New and improved universal service support mechanism for schools, libraries to become effective January 3
The FCC’s Sixth Report and Order (6th R&O) in its Schools and Libraries Universal Service Support Mechanism proceeding (more commonly known as “the E-rate program”) – first adopted last September – has finally been published in the Federal Register. This means that the revised rules will take effect on January 3, 2011 .
In the 6th R&O, the FCC has upgraded and modernized the E-rate program, consistent with the National Broadband Plan’s (NBP’s) vision of improving broadband connectivity at the nation’s schools and libraries.
The revisions adopted in the 6th R&O fall into three conceptual categories: (1) providing schools and libraries with greater flexibility to select and make available the most cost-effective broadband and other communications services; (2) simplifying the E-rate application process; and (3) improving safeguards against waste, fraud and abuse.
In particular, the 6th R&O provides schools and libraries with more flexibility by allowing applicants to lease dark or lit fiber from the most cost-effective provider. The FCC has also changed its rules to allow schools to permit community use of E-rate funded services outside of school hours. With affordable fiber, these “School Spots” are a major step toward the NBP’s goal of connecting an anchor institution in every community to affordable 1 gigabit per second broadband. The FCC indexed to the inflation rate E-rate’s funding cap in order to maintain purchasing power. Finally, the FCC seeks proposals for a limited pilot program to establish best practices to support off-campus wireless connectivity for portable learning devices, such as digital textbooks, outside of regular school or library operating hours. The Commission has separately announced that applications for the pilot program must be submitted on or before December 17, 2010.
The FCC simplified the E-rate program by streamlining the application process to reduce the administrative burden on applicants. The FCC also removed the technology plan requirement for priority one (telecommunications services and Internet access) services. The FCC is facilitating the disposal and recycling of obsolete equipment that received E-rate support by authorizing schools and libraries to receive consideration for such equipment.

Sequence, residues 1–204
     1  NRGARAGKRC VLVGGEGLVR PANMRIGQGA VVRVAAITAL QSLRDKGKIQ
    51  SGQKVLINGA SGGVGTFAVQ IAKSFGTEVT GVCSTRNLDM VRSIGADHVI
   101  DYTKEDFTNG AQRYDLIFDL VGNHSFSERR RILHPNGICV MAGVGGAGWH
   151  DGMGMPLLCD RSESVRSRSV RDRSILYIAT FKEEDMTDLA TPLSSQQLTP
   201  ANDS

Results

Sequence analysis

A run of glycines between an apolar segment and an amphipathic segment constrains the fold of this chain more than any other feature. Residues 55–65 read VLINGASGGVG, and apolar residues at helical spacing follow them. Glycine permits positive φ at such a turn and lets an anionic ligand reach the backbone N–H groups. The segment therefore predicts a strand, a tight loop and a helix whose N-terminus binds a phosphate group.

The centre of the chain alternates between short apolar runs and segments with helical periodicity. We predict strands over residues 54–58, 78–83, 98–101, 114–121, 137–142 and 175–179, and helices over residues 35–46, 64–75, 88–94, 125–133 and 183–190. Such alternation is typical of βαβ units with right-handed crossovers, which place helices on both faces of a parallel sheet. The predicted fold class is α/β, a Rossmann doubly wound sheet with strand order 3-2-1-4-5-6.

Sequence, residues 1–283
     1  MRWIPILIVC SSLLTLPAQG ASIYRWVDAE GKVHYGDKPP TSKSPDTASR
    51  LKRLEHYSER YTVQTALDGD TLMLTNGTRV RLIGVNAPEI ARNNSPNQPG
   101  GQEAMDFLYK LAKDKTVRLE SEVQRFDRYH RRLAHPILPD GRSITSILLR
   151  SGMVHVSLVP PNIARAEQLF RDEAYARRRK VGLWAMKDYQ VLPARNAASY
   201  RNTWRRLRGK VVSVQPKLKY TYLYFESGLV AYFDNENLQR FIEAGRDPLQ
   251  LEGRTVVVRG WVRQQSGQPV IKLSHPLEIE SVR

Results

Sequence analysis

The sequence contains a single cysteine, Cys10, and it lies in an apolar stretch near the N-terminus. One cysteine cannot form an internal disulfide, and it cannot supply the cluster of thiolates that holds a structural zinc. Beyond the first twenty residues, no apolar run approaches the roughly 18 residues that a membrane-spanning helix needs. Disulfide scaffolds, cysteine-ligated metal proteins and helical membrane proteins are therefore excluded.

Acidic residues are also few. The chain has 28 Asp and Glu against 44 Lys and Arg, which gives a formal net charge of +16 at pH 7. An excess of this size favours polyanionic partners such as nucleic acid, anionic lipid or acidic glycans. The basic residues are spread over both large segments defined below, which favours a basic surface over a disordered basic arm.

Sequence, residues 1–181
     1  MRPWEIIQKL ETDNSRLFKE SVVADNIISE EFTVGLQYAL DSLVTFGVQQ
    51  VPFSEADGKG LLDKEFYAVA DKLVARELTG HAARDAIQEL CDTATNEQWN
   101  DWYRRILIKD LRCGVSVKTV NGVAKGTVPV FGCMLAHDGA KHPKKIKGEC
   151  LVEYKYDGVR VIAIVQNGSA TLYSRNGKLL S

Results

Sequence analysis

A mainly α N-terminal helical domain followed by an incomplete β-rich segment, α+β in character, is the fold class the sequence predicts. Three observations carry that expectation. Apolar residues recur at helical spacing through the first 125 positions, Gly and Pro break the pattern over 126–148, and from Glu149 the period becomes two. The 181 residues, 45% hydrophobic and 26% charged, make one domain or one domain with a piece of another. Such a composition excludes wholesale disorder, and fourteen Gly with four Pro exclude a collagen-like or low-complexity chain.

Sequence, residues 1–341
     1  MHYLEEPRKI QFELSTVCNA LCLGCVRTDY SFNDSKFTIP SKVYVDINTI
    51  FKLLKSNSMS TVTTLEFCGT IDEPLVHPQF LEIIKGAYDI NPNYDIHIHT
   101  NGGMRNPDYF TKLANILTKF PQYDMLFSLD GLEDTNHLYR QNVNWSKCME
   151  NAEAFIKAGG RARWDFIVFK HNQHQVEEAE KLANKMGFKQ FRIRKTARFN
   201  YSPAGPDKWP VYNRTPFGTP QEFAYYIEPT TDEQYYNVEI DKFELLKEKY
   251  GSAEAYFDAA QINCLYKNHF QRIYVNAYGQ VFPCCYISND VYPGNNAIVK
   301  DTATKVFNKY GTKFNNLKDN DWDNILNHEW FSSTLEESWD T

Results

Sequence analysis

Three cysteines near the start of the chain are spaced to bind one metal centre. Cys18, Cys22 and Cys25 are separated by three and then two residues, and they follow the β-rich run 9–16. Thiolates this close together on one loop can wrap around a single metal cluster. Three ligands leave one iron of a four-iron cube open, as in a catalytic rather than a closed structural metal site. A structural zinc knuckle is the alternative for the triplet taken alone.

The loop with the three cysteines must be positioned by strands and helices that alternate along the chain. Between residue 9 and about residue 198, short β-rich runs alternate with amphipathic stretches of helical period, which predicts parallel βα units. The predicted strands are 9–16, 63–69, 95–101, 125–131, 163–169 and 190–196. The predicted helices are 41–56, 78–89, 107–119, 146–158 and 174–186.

The 6th R&O improves safeguards against waste, fraud and abuse by codifying the requirement that competitive bidding processes be fair and open. Applicants may not solicit or receive gifts from service providers and service providers may not offer or provide gifts to applicants. In addition, the 6th R&O adopts the eligible services list (ESL) for funding year 2011 (July 1, 2011-June 30, 2012). The FCC revisits this list each year based on input as to which services should or should not be deemed eligible for support. The only change of significance in this year’s ESL was to include features that facilitate the ability to communicate, such as blogging, e-mailing over a school or library’s hosted website, discussion boards, and services that may facilitate real-time interactive communication such as instant messaging or chat, as eligible for funds as part of a web hosting package. The FCC had previously deemed such features as ineligible, presumably because of their potential to devolve into a social networking site.
The FCC noted that the 6th R&O represents the first stage in a multi-stage upgrade of the E-rate program. The changes adopted will be in place for the upcoming funding year; however, the FCC will continue to consider changes to further improve and update the E-rate program.